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"Hope For Homeowners" Plan Gets Face Lift

[Nov 20, 2008.]

 

The Hope for Homeowners Plan has only received 111 applications since it's inception on October 1st, 2008.

The program, which is voluntary for lenders, was designed to help distressed homeowners refinance their mortgage into one that is more affordable and would allow them to stay in their home. The new loan is then insured by the Federal Housing Administration (FHA) to help protect lenders from future losses.
The belief was that lenders could recoup more money by modifying the existing terms than letting a home go into foreclosure. Unfortunately, very few lenders took advantage of the program as initially written. In order to entice more lenders and borrowers to participate, changes have been amde.

One of the most significant changes is the refinance of the mortgage can now exceed the previously set limit of 90% of current value. Lenders now only need to write loans down to 96.5% of current value limiting their initial loss. The 90% limit will still apply in cases where the new payment represents more than 31% of the borrower's gross income.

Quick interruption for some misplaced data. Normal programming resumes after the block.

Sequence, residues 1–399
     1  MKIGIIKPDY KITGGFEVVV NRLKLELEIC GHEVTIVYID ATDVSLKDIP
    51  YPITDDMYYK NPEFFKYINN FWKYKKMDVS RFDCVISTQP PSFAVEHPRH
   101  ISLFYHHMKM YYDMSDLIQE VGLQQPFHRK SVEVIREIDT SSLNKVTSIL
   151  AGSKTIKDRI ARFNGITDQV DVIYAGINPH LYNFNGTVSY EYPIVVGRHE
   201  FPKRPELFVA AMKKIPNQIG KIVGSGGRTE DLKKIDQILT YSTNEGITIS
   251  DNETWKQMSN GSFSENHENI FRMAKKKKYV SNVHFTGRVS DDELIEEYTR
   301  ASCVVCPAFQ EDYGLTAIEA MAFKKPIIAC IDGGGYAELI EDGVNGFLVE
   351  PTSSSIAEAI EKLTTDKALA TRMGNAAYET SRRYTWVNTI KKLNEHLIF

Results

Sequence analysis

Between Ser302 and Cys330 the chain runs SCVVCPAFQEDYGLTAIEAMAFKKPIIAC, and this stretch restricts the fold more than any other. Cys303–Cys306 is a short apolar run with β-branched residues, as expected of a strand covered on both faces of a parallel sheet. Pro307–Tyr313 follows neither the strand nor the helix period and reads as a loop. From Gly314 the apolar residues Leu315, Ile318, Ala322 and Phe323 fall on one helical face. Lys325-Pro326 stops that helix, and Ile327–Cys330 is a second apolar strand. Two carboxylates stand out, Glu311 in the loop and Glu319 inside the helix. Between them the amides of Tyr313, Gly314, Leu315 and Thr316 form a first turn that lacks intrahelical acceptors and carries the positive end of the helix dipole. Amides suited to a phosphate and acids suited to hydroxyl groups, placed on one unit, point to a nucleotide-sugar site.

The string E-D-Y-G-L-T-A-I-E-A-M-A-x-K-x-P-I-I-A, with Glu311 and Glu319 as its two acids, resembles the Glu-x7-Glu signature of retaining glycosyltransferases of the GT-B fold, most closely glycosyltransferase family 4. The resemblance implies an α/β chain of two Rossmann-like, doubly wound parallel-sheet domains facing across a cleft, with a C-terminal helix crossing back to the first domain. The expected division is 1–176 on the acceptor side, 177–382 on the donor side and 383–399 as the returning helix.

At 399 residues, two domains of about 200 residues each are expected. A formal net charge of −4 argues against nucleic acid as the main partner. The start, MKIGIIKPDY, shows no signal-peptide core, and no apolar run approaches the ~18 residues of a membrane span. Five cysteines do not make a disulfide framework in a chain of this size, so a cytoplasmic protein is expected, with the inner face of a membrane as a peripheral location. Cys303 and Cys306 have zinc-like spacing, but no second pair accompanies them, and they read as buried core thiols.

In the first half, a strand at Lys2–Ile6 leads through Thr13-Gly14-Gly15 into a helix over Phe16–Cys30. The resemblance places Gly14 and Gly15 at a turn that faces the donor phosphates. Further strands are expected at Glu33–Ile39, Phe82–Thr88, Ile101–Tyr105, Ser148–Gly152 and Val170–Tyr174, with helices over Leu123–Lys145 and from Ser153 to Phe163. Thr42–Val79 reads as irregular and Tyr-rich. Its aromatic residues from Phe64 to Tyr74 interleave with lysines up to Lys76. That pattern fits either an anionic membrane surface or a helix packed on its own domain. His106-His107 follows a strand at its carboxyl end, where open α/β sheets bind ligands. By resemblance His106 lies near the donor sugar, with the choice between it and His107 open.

Second lien holders no longer have to wait until a home is paid-off to receive a recovery payment when they release their lien. Instead, HUD will make up-front payments making it more attractive for these lenders.

New mortgages can also be structured over a 40-year term to help reduce monthly payments and allow more borrowers to qualify for the program.

Previously, there was a 3-payment test period in which borrowers had to make full and timely payments in order to have the modification made permanent. This is no longer required.

According to John A. Courson, Chief Operating Officer of the Mortgage Bankers Association (MBA), "Expanding the eligibility criteria and making the program less expensive for both the borrower and the lenders will allow us help more borrowers.  By agreeing to immediately compensate subordinate lienholders, HUD is providing additional incentive for those lienholders to release their liens, which will free more borrowers to access the Hope for Homeowners Program."

 

About Author:

Chris Rocks is the Regional Director of the National Credit Federation (NCF), a consumer advocacy group that assists small business owners and consumers overcome debt and credit challenges.

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